They brush away her law studies like an inconvenient fly.

‘Your father said we can section you’, they say.

The force of her father’s will moves across the country from Bulawayo to Harare. It takes the route that Emily herself takes to get to university each term, past Gweru, Kadoma, Chegutu. The force travels along the Bulawayo Road and propels her from her bed to pack a small bag. Pens and note book, her new diary. Three changes of underwear, three tee-shirts, two pairs of jeans. One book: The Origins of the Family, Private Property and the State.


Her clothes are not wanted here, they remain in her bag. She wears a striped gown with the many-wash-faded letters ANNEXE ANNEXE ANNEXE all over it. She is branded across her breast, on her right arm, above her knees, across her back. She is small, Emily. The gowns are supposed to be one-size-fits all but so voluminous is hers that she feels like she is in a tent. In the window, she catches her reflection. She cannot see herself. MockingNurseMatilda takes down her particulars. Name, age, race, religion, height, weight. She asks Emily what tribe she belongs to.

‘This is what slows progress in this country’, Emily screams. ‘The notion of tribe is a patronising Western construction,’ she adds when they have restrained her. ‘The Goths, Vandals and Visi-goths, those were tribes, they talk about Serbian nationalism, but African tribalism. I do not have a tribe, I belong to the nation.’ 

They force her onto the bed.

‘I am a student,’ she weeps. ‘A university student.’

‘Emilia is a Catholic sister, Ezekiel is an army sergeant, Sonia there manages a hotel,’ MockingNurseMatilda says. ‘Welcome to the Annexe my dear, we welcome students too.’

Emily reads aloud from the Origins of the Family. A wave of gratitude washes over her. These men, Marx and Engels, Karl and Friederich, dead and white, they get it, they really, really get it. ‘In the first place, sexual love assumes that the person loved returns the love; to this extent the woman is on an equal footing with the man. Secondly, our sexual love has a degree of intensity and duration which makes both lovers feel that non-possession and separation are a great, if not the greatest, calamity; to possess one another, they risk high stakes, even life itself.’

She cries herself to sleep and sleeps a dreamless sleep. She wakes to find a Coloured girl staring at her and smiling as she plays with the beads at the ends of the braids on Emily’s hair. ‘Feel my baby,’ the Coloured girl says.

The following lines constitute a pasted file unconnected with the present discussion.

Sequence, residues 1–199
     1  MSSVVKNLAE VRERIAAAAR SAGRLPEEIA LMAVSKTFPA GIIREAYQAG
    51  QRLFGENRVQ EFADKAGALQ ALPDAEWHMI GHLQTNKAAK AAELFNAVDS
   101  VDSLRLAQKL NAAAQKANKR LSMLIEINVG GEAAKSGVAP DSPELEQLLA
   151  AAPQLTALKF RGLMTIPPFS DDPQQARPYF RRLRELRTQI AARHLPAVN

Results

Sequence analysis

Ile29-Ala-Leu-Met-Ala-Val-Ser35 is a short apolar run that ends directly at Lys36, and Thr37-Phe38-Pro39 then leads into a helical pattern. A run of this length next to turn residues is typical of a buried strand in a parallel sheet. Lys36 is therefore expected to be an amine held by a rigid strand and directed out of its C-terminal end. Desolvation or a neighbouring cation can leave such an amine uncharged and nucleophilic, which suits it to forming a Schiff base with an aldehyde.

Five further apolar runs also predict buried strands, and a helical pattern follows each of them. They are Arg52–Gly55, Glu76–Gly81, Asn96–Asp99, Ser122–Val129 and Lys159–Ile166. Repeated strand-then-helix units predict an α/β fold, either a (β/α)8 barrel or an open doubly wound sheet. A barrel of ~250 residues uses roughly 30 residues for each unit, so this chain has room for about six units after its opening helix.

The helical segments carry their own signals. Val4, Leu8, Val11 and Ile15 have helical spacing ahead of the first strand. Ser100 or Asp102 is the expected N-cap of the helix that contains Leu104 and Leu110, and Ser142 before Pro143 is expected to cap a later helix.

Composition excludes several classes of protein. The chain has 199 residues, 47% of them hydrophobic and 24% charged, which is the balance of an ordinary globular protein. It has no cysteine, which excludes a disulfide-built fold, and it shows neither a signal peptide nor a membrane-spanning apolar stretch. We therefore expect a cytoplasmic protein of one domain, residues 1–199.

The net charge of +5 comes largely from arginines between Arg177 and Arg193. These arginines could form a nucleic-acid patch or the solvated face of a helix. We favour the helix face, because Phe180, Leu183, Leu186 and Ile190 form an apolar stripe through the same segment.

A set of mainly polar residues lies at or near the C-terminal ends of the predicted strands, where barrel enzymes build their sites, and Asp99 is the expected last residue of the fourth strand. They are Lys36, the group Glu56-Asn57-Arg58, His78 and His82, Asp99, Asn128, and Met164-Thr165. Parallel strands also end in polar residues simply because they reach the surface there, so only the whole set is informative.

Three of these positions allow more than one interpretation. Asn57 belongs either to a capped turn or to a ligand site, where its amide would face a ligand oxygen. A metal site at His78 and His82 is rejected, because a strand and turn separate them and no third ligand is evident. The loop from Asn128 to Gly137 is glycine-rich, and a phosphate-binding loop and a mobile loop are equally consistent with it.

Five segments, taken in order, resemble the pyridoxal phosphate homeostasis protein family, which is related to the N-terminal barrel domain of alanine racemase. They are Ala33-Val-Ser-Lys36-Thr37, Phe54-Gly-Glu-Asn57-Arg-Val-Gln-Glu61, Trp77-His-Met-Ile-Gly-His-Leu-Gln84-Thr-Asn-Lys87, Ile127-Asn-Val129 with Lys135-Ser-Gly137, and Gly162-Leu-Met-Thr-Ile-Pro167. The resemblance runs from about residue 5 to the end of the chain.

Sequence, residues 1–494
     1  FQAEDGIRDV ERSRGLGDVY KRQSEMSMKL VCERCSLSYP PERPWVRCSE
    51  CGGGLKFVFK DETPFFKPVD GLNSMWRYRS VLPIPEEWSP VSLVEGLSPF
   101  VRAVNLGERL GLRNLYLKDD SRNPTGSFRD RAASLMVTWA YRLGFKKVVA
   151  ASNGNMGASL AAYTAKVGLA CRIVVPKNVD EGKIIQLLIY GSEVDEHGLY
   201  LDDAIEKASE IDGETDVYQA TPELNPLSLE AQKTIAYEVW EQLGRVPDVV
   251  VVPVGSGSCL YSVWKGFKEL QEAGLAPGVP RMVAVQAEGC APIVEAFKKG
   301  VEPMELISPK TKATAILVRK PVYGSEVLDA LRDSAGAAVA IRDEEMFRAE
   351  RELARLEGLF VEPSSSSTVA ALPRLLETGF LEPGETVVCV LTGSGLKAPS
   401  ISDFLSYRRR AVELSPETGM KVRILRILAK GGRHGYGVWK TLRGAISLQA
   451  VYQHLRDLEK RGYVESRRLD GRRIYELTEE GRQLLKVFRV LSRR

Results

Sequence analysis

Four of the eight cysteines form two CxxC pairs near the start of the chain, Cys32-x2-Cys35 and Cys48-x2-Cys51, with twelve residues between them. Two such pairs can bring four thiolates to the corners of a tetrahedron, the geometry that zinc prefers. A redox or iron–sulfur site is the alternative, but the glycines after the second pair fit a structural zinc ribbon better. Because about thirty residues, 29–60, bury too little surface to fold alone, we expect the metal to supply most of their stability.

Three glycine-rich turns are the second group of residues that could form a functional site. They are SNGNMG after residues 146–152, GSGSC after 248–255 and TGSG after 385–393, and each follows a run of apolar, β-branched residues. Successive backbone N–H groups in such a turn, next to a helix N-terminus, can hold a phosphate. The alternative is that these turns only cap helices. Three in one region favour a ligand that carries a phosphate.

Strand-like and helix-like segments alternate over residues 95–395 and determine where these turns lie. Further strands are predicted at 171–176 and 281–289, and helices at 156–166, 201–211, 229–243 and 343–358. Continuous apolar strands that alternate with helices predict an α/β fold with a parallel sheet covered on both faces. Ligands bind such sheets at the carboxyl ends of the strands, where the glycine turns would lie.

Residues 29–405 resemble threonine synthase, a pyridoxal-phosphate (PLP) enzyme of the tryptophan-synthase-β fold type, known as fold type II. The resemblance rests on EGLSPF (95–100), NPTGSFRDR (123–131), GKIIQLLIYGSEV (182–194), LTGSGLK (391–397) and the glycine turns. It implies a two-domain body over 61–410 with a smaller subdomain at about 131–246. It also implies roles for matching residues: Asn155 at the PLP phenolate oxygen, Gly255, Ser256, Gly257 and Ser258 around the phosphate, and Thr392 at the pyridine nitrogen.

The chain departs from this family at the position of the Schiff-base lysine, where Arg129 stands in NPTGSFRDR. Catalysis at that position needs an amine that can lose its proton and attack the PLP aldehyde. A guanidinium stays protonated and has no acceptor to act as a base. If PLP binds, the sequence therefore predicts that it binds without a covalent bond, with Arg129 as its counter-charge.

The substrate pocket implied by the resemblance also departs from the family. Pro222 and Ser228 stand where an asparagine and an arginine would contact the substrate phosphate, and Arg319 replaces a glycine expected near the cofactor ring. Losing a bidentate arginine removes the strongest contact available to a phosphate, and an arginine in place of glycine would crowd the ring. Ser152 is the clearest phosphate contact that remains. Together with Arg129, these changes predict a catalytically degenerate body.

Her name is Estelle, and she is a star rising high above the farinaceous reaches of all that is ordinary and elemental. Nothing can touch her, and nothing does.

‘Feel my baby’ she says again, eyes closed. She places Emily’s hand on her stomach, chopping board flat. ‘He will be born tomorrow.’

‘Ralph.’ Estelle says the name like she is tasting its sound.

‘Ralph,’ she repeats.

‘That is what I’ll call him, Ralph, like the Karate Kid.’

Together Emily and Estelle look out onto Second Street Extension where up and down goes the little green bus.


In the Annexe, she finds that she is not the only one who is not mad.

‘I am not mad’, says Ezekiel.

‘And I am not mad’, says Estelle.

‘Why do you look at me as though I am mad?’ asks Emilia and hits Ezekiel on the head. No one is mad except the nurses with their faces out of focus, they are gone and there they are again, with their large ears and large hands that grab and say she needs rest. They give her three small pills, one orange, one square and white, one round and white. She is happy that it is NiceNurseLindiwe and not MockingNurseMatilda who helps her to a bed. There is something Emily has to tell her, something important, terribly, desperately important. It is the most important thing she has ever said to anyone. She clutches NiceNurseLindiwe’s arm and looks into her eyes. ‘Beware the Jabberwock my son,’ she says. ‘The jaws that bite, the claws that catch. Beware the Jub-Jub bird and shun the Frumious Bandersnatch.’